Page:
- Decisions about what to do and not to do with regard to people or morals with these tools revamp the way modern man thinks, which is consistent with sole reliance upon science or scientism, but is actually contrary to linear, logical, or biblical thinking because all one needs to know is what does the most recent study—experiment—say.
- Although used to determine what ought to be and what ought not to be, these tools can only tell one what is or is not and can never tell one what should be.
For example, statistics may be used to show how many people are without health insurance, and the truth is that is all the statistics tell us. Therefore, when people start drawing conclusions from such statistics, they may very well be misreading the data or, perish the thought, misrepresenting the truth for their own agenda.
Say that thirty percent do not have insurance. This, in and of itself, does not tell us: how many have chosen not to have insurance, how many have chosen to spend their insurance money on other things, how many are covered through the generosity of hospitals, how many of those would rather be without governmental intrusion than to have insurance, how many are in transition between insurances, how many have strategically chosen to invest that money elsewhere for the potential future payoff and do not want to be forced to pay higher taxes for health care, how many have made personal decisions—even religious ones—which led them to be without insurance and do not think others should have to pay, how many have the intention but have not made the choice to spend their money on insurance or are waiting on someone else, how many have made a conscious decision to eliminate their insurance for what they deem to be a worthwhile alternative, ad infinitum!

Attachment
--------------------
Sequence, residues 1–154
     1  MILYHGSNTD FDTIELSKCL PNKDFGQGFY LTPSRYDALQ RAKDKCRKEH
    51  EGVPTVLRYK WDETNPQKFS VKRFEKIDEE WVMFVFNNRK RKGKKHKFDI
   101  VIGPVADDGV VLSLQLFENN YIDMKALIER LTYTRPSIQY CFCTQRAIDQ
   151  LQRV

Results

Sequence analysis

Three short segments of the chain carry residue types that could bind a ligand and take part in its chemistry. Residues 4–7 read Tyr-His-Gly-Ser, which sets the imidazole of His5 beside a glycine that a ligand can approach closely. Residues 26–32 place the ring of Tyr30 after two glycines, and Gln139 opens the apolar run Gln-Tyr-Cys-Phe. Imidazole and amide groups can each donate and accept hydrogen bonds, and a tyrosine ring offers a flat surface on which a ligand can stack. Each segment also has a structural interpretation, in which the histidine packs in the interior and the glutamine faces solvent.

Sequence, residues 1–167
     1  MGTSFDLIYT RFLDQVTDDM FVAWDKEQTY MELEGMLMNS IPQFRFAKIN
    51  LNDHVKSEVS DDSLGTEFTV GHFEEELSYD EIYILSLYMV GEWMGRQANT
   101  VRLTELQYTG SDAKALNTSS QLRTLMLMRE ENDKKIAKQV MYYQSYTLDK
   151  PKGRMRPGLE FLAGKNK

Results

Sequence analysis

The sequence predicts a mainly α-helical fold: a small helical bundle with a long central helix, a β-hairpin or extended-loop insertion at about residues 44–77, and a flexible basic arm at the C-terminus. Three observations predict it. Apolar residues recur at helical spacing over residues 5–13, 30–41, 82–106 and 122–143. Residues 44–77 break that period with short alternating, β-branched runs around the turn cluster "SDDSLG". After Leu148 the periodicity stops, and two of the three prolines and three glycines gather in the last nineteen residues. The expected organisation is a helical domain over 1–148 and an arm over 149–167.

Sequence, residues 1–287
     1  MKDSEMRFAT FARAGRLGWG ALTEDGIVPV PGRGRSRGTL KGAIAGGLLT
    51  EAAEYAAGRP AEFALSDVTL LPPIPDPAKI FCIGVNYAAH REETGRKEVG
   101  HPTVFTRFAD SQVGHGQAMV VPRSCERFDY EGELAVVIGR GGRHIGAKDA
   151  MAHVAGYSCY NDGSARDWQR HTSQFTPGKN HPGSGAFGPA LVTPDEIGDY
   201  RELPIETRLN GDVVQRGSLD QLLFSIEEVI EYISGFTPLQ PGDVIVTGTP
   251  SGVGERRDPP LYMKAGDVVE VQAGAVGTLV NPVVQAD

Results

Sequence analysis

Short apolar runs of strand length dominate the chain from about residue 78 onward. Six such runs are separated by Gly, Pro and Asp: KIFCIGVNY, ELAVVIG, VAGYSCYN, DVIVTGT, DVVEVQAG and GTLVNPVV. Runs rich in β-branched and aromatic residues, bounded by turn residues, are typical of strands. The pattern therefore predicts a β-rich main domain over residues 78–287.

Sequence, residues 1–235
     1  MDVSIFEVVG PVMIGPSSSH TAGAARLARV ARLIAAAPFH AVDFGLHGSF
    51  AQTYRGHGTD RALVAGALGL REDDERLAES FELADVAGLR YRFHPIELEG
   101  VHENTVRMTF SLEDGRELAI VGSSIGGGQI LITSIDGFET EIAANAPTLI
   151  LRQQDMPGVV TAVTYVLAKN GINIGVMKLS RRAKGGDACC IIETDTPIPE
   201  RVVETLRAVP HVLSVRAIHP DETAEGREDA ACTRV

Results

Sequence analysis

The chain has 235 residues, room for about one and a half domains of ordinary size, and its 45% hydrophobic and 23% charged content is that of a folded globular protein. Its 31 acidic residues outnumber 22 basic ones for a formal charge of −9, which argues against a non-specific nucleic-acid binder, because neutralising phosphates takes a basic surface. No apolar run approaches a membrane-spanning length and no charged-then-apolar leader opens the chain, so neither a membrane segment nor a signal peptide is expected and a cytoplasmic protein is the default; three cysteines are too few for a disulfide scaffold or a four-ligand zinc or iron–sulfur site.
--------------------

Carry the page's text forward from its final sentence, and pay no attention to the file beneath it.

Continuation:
It is the truth that makes one free, but the present undue reliance of preachers on these fragmentary tools in order to bolster their preaching conclusions may bear short-term fruit, but in the long run may undermine the very truth they passionately desire to communicate because it trains a whole generation to rely upon polls, statistics, and studies with credulous trust. Moreover, undue reliance upon science (not to mention scientism) affords very little incentive to develop a godly mind through devoted study and digging deeply into the Word of God (2 Tim 2:15; 1 Pet 2: 2).
 This is my definition of science in which I seek to express the full breadth of science proper without morphing it into naturalism.
 Huston Smith, Why Religion Matters: The Fate of the Human Spirit in an Age of Disbelief, (New York: HarperCollins Publishers, Inc., 2001), 59-60. He gives as an example Freud’s statement, “Our science is not illusion, but an illusion it would be to suppose that what science cannot give us we can get elsewhere.” This goes far beyond the realm of science into ‘epistemic naturalism’ or ‘scientism.’ Smith notes on page 62 that not all scientists accept the “epistemological privilege of science,” like the French microbiologist Francois Jacob and others. Scientism is not the belief that science will be able to “predict everything” as noted on page 63, which would make it held by only a few.
 Smith, Why Religion Matters, 187.
 There is no longer the acknowledged existence or much less the superiority of the final or fixed. Consequently, we are wittingly or unwittingly trained to think in temporary and transitory ways because whatever we believe today is really only for today or until the next poll, study, etc.
 I am referring here to acknowledged in the sense of publically imposable knowledge, e.g. the Declaration of Independence being premised upon the existence of God, and public education prior to the installation of progressive education.